Contrary to those who have caricatured him as an extremist or a tyrant, President Obama tends to search for middle ground almost reflexively. No doubt this useful habit served him well throughout much of his life as an organizer, lawyer and legislator. In the presidency, however, it has sometimes done him in.

Obama's approach to the civil war in Syria is the latest and perhaps most glaring example. There is a line brighter than Obama's infamous red one between military intervention and the lack thereof, and Obama's endless attempts to straddle it have rendered his Syria policy a muddle.

Obama appears to favor nonintervention at heart. In this respect, he is aligned with most of the American public after a decade of long, costly, painful, and largely fruitless wars. But rather than speak up clearly for this utterly defensible point of view, Obama has repeatedly feinted toward U.S. intervention without seeming to mean it. In failing to speak up for the considered position that there is no useful role for the United States in this war, he has played into the hands of those who equate strength with military action.

Obama's "red line" comments are his original sin on the subject. "I have, at this point, not ordered military engagement in the situation," Obama told a reporter asking about Syria last year. But rather than make the case for that position, he hastened to explain that under certain conditions, he would take the opposite position: "We have been very clear to the Assad regime ... that a red line for us is we start seeing a whole bunch of chemical weapons moving around or being utilized. ... We have communicated in no uncertain terms ... that that's a red line for us and that there would be enormous consequences."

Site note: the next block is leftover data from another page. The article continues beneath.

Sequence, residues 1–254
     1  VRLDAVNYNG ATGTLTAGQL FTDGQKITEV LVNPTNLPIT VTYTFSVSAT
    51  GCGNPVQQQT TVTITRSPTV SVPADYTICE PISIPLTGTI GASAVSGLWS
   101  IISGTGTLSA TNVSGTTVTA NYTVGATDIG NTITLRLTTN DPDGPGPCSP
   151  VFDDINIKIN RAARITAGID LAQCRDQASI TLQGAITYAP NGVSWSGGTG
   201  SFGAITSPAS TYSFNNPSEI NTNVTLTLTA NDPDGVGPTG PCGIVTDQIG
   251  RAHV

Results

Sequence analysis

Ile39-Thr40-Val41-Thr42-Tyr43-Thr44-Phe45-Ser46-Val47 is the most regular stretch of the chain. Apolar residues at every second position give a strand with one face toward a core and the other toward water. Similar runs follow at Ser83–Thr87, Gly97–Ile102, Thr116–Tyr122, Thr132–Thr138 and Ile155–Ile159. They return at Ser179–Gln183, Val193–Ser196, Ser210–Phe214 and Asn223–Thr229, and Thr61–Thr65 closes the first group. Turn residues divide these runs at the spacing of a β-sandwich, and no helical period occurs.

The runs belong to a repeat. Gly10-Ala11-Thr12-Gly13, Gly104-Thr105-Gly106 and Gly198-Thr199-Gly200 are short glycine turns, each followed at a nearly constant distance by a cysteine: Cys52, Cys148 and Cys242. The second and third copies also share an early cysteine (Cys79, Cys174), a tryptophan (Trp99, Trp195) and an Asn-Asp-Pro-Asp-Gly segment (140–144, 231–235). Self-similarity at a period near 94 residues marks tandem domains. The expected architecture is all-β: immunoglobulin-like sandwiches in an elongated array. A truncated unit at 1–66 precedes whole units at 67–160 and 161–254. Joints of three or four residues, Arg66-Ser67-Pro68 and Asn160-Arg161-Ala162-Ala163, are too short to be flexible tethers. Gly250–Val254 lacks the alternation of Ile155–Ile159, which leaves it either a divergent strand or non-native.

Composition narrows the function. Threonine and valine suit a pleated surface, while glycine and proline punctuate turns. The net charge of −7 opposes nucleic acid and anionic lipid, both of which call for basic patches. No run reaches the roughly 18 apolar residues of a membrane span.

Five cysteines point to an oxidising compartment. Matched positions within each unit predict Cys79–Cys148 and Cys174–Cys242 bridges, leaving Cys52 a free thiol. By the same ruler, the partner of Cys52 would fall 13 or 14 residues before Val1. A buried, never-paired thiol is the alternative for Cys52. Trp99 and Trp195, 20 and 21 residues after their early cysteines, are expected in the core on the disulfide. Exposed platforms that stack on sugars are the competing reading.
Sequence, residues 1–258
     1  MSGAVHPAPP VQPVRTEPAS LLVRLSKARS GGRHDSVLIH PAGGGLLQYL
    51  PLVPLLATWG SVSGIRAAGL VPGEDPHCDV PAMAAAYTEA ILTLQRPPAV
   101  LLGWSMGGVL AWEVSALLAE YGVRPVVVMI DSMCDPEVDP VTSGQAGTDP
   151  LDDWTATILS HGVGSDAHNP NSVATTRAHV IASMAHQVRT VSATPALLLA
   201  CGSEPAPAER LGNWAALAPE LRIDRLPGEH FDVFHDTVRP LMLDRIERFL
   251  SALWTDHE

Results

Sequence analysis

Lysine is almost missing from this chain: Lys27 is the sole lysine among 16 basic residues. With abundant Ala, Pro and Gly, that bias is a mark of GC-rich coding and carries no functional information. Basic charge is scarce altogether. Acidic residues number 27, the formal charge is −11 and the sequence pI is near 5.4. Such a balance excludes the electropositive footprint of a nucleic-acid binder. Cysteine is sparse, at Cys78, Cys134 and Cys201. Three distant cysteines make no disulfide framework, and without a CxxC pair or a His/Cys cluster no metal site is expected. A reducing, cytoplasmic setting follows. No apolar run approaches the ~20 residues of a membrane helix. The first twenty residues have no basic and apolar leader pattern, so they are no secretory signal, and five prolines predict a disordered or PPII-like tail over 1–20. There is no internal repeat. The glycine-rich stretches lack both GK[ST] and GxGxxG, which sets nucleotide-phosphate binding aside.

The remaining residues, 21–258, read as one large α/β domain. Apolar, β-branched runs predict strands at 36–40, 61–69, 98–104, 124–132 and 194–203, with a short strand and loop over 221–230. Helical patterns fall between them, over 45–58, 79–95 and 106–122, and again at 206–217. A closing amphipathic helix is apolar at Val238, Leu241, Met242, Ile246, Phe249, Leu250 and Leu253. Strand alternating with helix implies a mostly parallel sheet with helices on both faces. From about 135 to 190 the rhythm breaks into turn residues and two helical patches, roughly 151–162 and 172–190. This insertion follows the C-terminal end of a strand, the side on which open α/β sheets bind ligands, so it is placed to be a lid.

Since Syrian President Bashar al-Assad's government apparently killed more than 1,400 in Damascus with poison gas last month, Obama has tried to back away from the consequences of his caveat. "I didn't set a red line," he insisted at one point. "The world set a red line." He then punted the decision to Congress before cautiously endorsing the diplomatic solution accidentally proposed by Secretary of State John Kerry and seized upon by Russian President Vladimir Putin, the Syrian regime's most powerful ally. Meanwhile, the halfhearted threat of an "unbelievably small" military strike, as Kerry put it, lingers.

By dwelling on the circumstances under which he would depart from his decision not to go to war - and on those under which he would depart from his departure - Obama has done a disservice to the millions of Americans who favor more careful consideration of the use of military force, and whose reluctance is reinforced by 12 years of national experience since Sept. 11, 2001.

The case for military restraint is difficult to make in the face of the horrific violence in Syria. But Obama, the winner of a Nobel Peace Prize as well as his last presidential election, is in an ideal position to make it forcefully. Unfortunately, he hasn't.

--The Philadelphia Inquire, Sept. 16